Two weeks after Hurricane Maria hit Puerto Rico, NASA released satellite images comparing light emitted from the U.S. territory before and after the island was devastated by the storm. Areas once lit up are have gone dark, and the visual comparison is absolutely astonishing. Even weeks after Maria swept through the island, power has not been restored — and may not be for months.
The photos were taken on Sept. 27 and 28 and then composited for accuracy. In doing so, NASA explained, they eradicated complications like cloud cover, which could block light emissions. Some cloud cover was unavoidable, particularly on the island's southeastern and western regions, but the differences are still stark, particularly in the capital, San Juan.
NASA didn't just take these photos for the emotional impact, however; there's a practical side. By taking high-quality photos, the organization makes it easier for responders to plan. They at once are able to track the areas that were hit the hardest and can also keep tabs on how long the power has been out in these different regions.
"That is exactly why teams of scientists at NASA are working long days to make sure that groups like the National Guard and [FEMA] get high-quality satellite maps of power outages in Puerto Rico," NASA wrote on the organization's Earth Observatory website.
Adam Voiland, a science writer for NASA, explained their process:
A team of scientists from NASA’s Goddard Space Flight Center and Marshall Space Flight Center processed and corrected the raw data to filter out stray light from the Moon, fires, airglow, and any other sources that are not electric lights. Their processing techniques also remove as much other atmospheric interference—such as dust, haze, and thin clouds—as possible.
In other words, you are truly seeing, to the best of their ability, only light fueled by electricity.
It almost goes without saying that the images with more light cover, marked "baseline," are the images taken before Hurricane Maria devastated most of Puerto Rico's electric grid. As shown, NASA even highlighted some specific places and landmarks, such as the San Pablo Hospital, in San Juan.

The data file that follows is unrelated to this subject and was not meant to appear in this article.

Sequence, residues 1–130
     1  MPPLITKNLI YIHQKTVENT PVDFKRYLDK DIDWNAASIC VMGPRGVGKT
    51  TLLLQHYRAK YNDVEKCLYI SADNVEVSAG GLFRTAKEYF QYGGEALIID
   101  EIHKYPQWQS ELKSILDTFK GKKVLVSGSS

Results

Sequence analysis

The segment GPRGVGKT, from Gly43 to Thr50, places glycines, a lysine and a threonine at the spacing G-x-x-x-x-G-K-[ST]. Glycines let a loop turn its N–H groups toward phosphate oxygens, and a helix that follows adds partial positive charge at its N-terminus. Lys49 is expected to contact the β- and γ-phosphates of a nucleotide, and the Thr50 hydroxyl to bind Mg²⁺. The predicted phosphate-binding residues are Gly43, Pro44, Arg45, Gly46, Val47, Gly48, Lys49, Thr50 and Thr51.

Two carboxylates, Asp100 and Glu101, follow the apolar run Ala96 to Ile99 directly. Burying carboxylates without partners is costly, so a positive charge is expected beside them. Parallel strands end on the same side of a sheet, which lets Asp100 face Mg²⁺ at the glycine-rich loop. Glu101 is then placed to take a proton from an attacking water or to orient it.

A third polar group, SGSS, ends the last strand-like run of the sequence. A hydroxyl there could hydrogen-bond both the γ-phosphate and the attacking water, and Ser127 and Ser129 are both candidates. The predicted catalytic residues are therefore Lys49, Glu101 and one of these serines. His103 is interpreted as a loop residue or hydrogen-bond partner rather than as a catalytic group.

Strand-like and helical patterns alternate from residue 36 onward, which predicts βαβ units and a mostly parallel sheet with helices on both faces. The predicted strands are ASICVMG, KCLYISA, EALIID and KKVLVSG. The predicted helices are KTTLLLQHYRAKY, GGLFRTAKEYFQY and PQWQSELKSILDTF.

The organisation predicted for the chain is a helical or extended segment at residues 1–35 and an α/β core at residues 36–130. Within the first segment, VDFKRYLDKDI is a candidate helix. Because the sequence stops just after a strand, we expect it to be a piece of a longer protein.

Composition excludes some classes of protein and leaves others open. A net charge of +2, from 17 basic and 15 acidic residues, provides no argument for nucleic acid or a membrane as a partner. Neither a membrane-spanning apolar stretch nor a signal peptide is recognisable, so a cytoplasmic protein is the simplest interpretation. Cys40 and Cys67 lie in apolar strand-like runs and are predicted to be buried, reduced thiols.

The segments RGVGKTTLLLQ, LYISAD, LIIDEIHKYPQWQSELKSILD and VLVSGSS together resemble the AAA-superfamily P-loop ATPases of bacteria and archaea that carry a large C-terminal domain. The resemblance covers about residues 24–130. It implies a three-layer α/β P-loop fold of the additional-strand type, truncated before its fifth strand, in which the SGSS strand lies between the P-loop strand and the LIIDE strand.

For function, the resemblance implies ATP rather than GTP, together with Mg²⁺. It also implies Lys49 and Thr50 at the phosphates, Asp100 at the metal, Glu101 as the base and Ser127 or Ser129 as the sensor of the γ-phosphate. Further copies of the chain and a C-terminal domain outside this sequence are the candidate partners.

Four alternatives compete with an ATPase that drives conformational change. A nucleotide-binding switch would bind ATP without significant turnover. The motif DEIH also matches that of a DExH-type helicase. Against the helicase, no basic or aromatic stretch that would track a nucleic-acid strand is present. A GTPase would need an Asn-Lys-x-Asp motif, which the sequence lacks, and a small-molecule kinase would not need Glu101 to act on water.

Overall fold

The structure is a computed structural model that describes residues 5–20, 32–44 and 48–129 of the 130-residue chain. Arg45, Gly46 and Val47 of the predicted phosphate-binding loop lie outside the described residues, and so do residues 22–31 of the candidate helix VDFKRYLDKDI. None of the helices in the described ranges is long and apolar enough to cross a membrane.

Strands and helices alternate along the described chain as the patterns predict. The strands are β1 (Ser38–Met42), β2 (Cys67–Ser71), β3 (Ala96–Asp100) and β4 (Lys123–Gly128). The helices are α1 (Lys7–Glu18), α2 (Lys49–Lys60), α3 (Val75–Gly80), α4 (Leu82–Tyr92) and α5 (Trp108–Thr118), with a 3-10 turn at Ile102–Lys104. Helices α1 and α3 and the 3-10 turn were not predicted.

NASA retrieved the photos using a "Visible Infrared Imaging Radiometer Suite," or VIIRS, for short. Specifically, they used a "day-night band, which detects light... from green to near-infrared... light from fires and oil wells, lightning, and emission from other cities or human activity."
As of Oct. 5, almost all of the island is without electricity, according to Puerto Rico's government. No one is entirely certain how long electricity will be out, but estimates range from four to six months.
As Brian Resnick and Eliza Barclay write in Vox, that's four to six months that millions of Americans will not have, "air conditioning in the tropical climate, half a year that electric pumps can’t bring running water into homes, half a year when even the most basic tasks of modern life are made difficult."
The concept of going up to six months without power is mind-boggling for most Americans on the mainland. As the New York Times pointed out, Puerto Ricans have a resilient mindset when it comes to storms and droughts, but losing power is an entirely different ballgame.
Those who can are stocking up on electric generators, but those are expensive. Some donations are coming in, but the sustainability of relying on them for the longterm is dubious. Generators rely on diesel fuel, and Reuters reported that its supply is extremely limited.
Immediately following the storm, the Trump Administration was heavily criticized for not responding to the disaster quickly enough. And to make things worse, President Trump and San Juan Mayor Carmen Yulín Cruz have been in a verbal battle, playing out in the press and on Twitter. Cruz, quite literally, has been begging for help. When she criticizes Trump, he criticizes her leadership in return, or claims that Puerto Rican leaders "want everything done for them."
The fact is that lives are literally at stake, and more than 3.4 million Americans are suffering. The proof is in the photos.
Images: Joshua Stevens, using data courtesy of Miguel Román, NASA GSFC, and Andrew Molthan, NASA MSFC/NASA